After a few laugh-out-loud exchanges (“can you name five silent film actors?”), the wolf gets too honest when asked about his greatest weakness, and the film fizzles out on an irresistibly strange and awkward note. It’s risky to cut things so short, but it lands. Earlier this year, Selection Process was up for a Goya Award — it really should have won.
Our last film today is Letter to a Pig (17m) from France and Israel. This one drops humor altogether. It’s about the Holocaust.
But it’s not about the Holocaust in a way you might expect. Director Tal Kantor explained at GLAS:
I would say it’s pretty much based on my own experience as a schoolgirl. An encounter I vaguely remember with a Holocaust survivor, which is something we regularly, as kids growing up in Israel, meet every year in the Holocaust Memorial Day. […] And an unforgettable dream I had afterwards that’s stuck with me ever since. I think the dream was so powerful for me that it didn’t leave me. I had to do something with it.
Letter to a Pig circles around what the title implies. In front of a class of kids, an aging Holocaust survivor recalls how he escaped the Nazis by running into a pig sty. As they searched, one pig walked in front of the place where he hid, glancing at him for a brief moment. Decades later, haunted by that memory, the man wrote a letter to thank the pig for saving him.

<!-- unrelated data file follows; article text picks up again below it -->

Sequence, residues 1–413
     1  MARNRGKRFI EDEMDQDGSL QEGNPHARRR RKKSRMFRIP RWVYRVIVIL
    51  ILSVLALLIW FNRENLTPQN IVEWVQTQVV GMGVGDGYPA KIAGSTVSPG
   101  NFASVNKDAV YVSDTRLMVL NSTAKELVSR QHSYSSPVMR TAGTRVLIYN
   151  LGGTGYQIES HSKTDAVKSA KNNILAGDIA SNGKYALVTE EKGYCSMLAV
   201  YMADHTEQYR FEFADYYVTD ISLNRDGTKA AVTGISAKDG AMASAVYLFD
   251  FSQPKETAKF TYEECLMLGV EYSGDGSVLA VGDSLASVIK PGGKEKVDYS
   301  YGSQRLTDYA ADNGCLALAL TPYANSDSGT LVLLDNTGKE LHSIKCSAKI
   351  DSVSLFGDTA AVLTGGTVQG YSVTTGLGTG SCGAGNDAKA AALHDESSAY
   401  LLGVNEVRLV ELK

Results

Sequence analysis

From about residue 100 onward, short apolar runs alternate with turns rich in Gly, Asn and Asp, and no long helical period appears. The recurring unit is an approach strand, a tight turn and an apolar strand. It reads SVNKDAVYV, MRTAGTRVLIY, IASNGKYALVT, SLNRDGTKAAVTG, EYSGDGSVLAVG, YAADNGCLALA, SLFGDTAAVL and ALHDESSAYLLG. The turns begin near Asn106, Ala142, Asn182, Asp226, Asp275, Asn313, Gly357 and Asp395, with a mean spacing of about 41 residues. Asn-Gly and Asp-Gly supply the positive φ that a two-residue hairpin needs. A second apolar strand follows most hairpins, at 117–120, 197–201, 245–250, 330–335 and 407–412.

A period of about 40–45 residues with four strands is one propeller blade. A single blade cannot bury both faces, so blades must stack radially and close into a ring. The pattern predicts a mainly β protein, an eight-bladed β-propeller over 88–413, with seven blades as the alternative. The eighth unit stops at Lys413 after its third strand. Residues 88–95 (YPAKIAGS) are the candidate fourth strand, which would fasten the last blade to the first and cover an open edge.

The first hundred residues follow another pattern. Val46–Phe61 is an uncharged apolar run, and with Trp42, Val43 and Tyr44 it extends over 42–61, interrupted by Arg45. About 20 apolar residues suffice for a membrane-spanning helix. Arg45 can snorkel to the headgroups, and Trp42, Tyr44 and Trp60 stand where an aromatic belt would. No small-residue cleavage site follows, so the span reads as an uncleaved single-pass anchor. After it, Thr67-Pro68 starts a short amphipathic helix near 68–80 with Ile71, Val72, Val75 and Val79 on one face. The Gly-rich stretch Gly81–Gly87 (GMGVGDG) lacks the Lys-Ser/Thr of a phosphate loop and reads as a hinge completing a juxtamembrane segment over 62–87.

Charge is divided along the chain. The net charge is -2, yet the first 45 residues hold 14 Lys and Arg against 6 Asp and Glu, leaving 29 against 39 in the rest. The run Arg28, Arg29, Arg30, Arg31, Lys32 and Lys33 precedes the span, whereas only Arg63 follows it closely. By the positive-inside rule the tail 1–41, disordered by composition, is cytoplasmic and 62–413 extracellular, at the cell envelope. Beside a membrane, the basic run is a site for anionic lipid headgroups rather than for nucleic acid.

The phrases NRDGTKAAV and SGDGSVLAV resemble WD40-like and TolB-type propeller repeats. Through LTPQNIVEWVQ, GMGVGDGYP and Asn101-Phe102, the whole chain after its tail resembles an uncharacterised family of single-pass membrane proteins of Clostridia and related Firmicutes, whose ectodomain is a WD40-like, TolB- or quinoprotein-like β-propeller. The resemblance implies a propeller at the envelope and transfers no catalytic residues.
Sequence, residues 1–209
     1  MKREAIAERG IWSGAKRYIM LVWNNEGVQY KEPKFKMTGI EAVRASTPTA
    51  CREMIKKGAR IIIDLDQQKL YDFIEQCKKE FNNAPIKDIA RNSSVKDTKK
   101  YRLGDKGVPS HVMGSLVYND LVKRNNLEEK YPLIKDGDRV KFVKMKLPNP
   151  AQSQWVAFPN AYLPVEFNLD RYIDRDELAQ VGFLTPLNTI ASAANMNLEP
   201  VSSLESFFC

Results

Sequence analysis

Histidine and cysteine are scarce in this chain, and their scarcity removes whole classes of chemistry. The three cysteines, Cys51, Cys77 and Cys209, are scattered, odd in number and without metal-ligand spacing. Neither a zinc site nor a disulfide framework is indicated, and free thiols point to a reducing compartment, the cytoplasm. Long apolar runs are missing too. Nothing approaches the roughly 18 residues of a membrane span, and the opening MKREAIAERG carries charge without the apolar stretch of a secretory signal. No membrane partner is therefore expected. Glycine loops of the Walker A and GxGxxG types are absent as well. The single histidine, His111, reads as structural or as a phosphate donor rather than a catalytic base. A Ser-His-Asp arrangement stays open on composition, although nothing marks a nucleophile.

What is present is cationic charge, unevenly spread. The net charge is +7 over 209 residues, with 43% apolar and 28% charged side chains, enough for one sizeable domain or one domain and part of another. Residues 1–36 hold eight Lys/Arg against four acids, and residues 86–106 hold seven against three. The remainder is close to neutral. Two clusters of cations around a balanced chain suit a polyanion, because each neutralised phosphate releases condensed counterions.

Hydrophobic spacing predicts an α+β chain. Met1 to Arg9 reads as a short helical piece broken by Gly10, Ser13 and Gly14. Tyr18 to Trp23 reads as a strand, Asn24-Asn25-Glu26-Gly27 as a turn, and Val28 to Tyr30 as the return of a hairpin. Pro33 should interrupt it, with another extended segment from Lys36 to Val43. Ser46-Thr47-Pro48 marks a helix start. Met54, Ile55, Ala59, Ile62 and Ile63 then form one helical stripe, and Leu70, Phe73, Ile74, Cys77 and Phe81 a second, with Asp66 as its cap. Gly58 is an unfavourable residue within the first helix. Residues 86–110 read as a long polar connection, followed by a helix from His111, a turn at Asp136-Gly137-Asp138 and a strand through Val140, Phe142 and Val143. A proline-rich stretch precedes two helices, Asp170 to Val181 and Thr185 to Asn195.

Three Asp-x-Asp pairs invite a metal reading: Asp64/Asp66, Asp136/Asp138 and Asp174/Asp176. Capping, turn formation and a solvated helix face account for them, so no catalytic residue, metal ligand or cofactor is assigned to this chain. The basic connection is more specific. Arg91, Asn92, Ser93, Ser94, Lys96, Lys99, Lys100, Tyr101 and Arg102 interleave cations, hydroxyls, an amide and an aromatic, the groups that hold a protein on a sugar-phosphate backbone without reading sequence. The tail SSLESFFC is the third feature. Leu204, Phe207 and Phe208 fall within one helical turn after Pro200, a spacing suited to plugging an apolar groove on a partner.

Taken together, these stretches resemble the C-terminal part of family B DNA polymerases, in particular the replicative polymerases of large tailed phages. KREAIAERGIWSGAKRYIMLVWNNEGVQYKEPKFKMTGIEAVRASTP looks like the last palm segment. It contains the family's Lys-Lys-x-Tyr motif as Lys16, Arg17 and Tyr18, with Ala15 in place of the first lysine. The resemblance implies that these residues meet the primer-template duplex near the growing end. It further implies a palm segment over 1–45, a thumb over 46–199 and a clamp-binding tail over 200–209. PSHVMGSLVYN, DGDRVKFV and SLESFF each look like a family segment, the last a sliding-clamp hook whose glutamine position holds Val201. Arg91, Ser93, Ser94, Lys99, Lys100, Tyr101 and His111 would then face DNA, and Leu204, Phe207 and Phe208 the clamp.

Kantor has put a lot in here. Her visual style is a multidimensional mashup of live footage, traditional 2D animation and rotoscoping — all three appear in the frame. It’s refreshingly unique, and it suits the story she’s telling, which is never about just one thing.
As Kantor said at GLAS, Letter to a Pig is about the generational trauma of the Holocaust. It’s also about the idea of a pig, “such an impure animal in the Jewish religion,” being an object of gratitude. And it’s about her. The film happens in halves — first the part with the survivor, then a long, dreamlike sequence where the children encounter a pig of their own. It’s not straightforward. But it’s also hard to forget.
2. Global animation news
Annecy, Zagreb, Kyiv and more gear up
Speaking of animation festivals, we’re in the thick of them right now. All around the world, festivals are either happening or getting ready to happen. These events tend to offer exciting new filmmakers their first breaks — they’re a big deal.
This year, the most notable one in the world might be Linoleum 2022. Why? It’s in Kyiv and, despite the war, its organizers are going on with the show. They’re accepting entries until May 21. Alongside its main competition, Linoleum still has a global call out for artists to submit anti-war animations, up to 10 seconds in length.